By Gerhard Clausing •
Even though we are somewhat isolated due to the coronavirus situation, we certainly can still share our work. It can be a more personal experience to virtually visit with our fellow photographers and authors and to hear and see them tell about their projects in an atmosphere of comfortable professionalism. To participate, you don’t have to drive anywhere, or even get shaved and dressed, unless you turn on your video camera! When the presenters share their images on their screens, you can see them more clearly than ever before.
This event sponsored by Photo LA, FOCUS, and Open Show LA this past weekend was such an opportunity to learn about new work and practices. This article will deal with some photobook highlights I found notable, presented on Saturday and Sunday, June 27 and 28. There were also many 3D interactive gallery exhibitions and installations, as well as meet-and-greet events. Here I will concentrate on photobooks; I am also featuring some of the other new work in our sister publication, PhotoExchange Journal, here.
Rebecca Senf has published an interesting book with Yale University Press that traces the accomplishments and career of Ansel Adams, starting with his early interest in the wilderness, via his later membership and leadership role in the Sierra Club, his commercial work promoting environmental concerns, and his major successes at the end. Many illustrations and documents from his life were shown, and it was a pleasure to see and hear about this well-researched project. How did he get from the modest early work of his youth to the well-crafted stellar landscapes he got famous for later on? The presentation was moderated by Britt Salvesen of LACMA.
Ansel Adams: Early to later …
Richard S. Chow moderated another fascinating session, featuring Jamie Johnson and Louie Palu, both of whom are documentary photographers whose work is refined and reaches into fine art as well.
Jamie Johnson is an expert at photographing children. Over the past number of years she visited Ireland repeatedly to get to know the Irish Travellers, an itinerant ethnic group that prefers to thrive alongside the mainstream, with strong independence. These personal observations recorded by her as a professional photographer have now been gathered into her first major commercial photobook, Growing Up Travelling, published by Kehrer Verlag, Heidelberg, Germany. Wayne Swanson reviewed this book at PBJ recently, here. It was a pleasure to hear how this book came about, starting with submissions and ending up with the work being printed at the onset of the current pandemic. Shipping from Europe currently takes longer, but the visit to the printer in Germany was an important step in achieving the best quality possible. More copies are expected to arrive in the US by the middle of July, and will be available at photo-eye, from Amazon, or directly from Jamie. The images practically sparkle from the joy these children feel. They may be outsiders, but they are happy and proud.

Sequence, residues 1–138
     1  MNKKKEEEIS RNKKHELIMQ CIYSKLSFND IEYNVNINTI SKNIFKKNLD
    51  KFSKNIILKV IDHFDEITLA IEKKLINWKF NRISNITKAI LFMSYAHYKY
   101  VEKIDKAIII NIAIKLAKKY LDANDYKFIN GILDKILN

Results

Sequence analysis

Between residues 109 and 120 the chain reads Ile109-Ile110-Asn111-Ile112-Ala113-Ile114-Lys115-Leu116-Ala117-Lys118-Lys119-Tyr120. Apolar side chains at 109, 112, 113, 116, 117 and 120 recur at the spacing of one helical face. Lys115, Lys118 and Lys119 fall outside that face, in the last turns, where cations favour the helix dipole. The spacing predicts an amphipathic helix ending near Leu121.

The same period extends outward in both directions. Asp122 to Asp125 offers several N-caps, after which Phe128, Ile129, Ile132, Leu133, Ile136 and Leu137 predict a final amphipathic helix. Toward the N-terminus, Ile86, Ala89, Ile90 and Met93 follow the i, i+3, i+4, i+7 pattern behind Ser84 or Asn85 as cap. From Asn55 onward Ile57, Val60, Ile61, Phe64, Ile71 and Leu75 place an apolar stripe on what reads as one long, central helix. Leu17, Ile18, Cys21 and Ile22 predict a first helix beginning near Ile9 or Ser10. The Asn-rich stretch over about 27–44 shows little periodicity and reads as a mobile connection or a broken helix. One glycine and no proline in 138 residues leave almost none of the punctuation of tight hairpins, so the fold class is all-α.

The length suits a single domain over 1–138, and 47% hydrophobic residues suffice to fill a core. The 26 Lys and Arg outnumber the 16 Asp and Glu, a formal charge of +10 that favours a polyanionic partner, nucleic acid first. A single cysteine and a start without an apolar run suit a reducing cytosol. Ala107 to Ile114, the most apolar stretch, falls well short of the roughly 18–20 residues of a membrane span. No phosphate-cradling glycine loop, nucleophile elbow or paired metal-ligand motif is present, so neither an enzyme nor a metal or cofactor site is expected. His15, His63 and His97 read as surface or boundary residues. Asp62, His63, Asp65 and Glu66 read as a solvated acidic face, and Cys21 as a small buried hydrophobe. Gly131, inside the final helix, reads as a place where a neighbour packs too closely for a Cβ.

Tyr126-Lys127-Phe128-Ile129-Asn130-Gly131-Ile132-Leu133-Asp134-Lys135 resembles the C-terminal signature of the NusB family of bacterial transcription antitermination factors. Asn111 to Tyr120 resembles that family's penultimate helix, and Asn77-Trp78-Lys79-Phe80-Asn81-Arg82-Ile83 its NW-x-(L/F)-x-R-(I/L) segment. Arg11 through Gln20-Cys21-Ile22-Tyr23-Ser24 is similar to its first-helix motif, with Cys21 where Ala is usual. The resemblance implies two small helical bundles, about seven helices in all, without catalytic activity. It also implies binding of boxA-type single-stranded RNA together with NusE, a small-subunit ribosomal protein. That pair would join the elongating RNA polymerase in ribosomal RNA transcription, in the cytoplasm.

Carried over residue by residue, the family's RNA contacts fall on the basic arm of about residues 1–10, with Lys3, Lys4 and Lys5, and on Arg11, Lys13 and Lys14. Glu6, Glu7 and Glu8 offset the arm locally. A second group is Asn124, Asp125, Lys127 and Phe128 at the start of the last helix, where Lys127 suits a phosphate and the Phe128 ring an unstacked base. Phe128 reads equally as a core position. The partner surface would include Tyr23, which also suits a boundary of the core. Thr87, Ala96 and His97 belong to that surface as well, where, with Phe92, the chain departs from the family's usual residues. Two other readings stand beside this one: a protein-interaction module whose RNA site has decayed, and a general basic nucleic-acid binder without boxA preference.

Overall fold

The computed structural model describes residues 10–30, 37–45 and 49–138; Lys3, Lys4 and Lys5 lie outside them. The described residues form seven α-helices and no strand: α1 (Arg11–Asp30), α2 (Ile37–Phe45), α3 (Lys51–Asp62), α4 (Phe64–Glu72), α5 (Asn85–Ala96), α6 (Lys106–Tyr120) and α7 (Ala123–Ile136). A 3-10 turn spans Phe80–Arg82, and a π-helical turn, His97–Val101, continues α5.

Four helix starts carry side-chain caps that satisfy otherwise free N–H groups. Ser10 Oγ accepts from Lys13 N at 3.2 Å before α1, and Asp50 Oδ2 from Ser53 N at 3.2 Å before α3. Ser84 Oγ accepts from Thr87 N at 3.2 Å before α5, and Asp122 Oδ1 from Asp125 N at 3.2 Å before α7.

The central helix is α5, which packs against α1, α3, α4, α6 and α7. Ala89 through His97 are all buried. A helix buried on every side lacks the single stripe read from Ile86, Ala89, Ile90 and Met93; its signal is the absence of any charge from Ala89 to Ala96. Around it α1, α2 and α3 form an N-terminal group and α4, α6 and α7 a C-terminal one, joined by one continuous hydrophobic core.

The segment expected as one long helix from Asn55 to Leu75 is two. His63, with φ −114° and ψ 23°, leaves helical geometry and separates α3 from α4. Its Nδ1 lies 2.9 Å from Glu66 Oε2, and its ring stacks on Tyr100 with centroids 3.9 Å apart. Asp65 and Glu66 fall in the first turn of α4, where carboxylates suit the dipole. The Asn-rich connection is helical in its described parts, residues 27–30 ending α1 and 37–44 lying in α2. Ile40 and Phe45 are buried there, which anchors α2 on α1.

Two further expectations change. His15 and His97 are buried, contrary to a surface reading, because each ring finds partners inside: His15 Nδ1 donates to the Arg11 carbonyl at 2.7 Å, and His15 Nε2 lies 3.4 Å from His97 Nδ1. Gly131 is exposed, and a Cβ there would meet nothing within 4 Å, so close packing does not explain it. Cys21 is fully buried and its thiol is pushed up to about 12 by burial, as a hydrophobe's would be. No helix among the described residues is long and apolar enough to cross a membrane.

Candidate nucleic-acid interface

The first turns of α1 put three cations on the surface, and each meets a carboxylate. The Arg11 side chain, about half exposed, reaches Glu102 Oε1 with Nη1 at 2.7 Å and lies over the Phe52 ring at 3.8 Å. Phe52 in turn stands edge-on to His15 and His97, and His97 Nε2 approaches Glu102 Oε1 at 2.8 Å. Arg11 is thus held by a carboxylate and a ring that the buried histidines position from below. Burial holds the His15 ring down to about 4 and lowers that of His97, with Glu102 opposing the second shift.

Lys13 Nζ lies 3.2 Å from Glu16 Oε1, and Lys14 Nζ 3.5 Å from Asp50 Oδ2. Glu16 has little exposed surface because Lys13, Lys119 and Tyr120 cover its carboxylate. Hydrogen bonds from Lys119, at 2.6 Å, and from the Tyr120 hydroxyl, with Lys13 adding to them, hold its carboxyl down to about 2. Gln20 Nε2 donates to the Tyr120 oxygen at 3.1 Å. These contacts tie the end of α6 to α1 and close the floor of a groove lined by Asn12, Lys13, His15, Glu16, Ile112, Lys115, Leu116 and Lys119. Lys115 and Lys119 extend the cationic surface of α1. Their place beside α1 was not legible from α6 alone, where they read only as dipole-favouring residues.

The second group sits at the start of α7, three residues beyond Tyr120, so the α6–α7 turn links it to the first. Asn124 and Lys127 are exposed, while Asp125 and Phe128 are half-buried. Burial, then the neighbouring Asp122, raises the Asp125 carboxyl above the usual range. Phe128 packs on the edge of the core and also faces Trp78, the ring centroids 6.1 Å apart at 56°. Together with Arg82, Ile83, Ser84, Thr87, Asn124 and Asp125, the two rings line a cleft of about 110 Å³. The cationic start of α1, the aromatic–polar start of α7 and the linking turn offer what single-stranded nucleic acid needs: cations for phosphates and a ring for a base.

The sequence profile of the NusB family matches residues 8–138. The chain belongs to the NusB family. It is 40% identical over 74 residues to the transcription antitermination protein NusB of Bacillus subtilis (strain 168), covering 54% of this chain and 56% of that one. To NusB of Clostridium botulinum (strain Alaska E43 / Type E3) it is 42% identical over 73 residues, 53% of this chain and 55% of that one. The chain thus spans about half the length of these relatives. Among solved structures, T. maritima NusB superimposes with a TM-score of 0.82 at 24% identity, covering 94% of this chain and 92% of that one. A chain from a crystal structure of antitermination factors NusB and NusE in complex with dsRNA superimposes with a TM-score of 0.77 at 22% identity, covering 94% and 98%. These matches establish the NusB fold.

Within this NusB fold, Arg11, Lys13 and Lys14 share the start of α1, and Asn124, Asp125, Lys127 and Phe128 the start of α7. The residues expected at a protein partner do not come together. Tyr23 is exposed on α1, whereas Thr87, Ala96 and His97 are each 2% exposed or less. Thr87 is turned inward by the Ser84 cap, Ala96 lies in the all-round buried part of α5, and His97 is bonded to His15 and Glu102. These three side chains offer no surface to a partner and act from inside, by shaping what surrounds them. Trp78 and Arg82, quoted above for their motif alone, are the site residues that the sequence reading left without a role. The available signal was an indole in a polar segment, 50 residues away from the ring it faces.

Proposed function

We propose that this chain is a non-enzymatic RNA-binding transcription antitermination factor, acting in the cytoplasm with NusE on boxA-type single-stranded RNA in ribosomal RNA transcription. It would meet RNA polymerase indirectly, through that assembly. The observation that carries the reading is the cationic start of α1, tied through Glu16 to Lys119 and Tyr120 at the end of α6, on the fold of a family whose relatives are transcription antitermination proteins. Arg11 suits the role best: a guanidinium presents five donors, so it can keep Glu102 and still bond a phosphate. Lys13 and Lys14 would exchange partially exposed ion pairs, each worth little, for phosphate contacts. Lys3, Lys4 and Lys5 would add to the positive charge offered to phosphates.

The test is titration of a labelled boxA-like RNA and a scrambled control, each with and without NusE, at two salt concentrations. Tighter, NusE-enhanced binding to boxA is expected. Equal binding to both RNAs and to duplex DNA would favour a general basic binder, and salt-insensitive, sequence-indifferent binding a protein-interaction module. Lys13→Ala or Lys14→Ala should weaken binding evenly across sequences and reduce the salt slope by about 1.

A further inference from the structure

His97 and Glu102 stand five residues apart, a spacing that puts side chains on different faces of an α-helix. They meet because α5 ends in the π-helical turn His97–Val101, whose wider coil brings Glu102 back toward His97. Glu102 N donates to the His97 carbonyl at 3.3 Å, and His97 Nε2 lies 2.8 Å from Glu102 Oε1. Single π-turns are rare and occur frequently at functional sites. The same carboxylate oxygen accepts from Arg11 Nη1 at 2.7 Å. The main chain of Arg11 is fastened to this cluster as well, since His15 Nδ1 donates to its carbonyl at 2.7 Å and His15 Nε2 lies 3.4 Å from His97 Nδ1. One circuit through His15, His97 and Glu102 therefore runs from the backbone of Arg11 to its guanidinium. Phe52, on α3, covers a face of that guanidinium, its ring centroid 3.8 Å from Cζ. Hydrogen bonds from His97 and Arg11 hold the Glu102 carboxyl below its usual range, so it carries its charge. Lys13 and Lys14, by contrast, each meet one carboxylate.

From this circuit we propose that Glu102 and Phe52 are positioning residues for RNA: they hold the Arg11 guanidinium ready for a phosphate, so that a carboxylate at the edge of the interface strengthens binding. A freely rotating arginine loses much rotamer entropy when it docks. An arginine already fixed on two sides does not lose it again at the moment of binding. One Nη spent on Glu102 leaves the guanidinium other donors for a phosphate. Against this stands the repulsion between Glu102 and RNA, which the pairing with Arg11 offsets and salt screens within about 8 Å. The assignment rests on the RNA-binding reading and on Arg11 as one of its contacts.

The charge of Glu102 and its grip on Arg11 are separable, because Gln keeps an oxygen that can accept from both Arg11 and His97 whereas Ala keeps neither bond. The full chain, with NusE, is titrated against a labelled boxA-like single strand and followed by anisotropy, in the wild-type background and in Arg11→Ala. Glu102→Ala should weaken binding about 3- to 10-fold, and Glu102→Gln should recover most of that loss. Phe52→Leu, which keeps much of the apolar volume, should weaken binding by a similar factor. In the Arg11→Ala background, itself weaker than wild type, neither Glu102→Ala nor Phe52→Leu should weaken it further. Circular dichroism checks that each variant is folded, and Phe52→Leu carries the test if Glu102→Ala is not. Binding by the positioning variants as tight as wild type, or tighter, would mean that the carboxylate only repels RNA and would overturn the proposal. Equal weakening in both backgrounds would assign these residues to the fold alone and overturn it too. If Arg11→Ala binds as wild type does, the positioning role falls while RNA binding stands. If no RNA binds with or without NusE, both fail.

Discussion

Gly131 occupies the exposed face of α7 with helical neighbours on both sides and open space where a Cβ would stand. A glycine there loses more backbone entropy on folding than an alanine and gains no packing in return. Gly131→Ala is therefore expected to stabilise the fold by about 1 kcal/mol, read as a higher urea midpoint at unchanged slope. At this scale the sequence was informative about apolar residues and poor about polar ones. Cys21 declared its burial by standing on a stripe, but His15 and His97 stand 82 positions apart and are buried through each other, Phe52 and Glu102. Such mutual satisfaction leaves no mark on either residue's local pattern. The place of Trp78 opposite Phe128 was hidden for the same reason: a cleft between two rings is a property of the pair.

Speaking of getting to know your environment and the folks in it, Louie Palu has been featured a number of times on PBJ. Douglas Stockdale did an interview with Louie and reviewed two of his books, Front Towards Enemy and A Field Guide to Asbestos, so a number of our readers are familiar with some of his work. Louie is a top-notch documentary photographer who cares deeply about people, the environment, and political processes. At this session, he shared some of his procedures and preferred methods regarding the process of creating photobooks.
Louie emphasized that your purpose for taking the pictures and doing series is all-important, as is the idea that you need to stay true to yourself, even as you access specialists who help you in editing, design, and production. He spoke about the importance of getting in touch with your work by doing edits, such as on a large floor space or on a wall, as well as a first rough ‘dummy’ (maquette) that allows you to initially study the possibilities before the experts take over. Thus you will learn a bit about effective juxtapositions, such as his double page of Colin Powell and the soldier who lost a hand, below. Certain procedures are best left to specialists, such as the overall design of the book. It was particularly fascinating to hear about the experimentation that allows a ‘deconstructed’ book like Front Towards Enemy (Yoffy Press) if you have a creative and innovative collaborator like Jennifer Yoffy. Learning editing and creating books can take a long time, but the results can be stellar and impressive.
Louie Palu’s Ice Block Project
I hope that the pandemic which has slowed things down will soon be over. But I am also hopeful that delightful virtual events such as this one will continue in the future.
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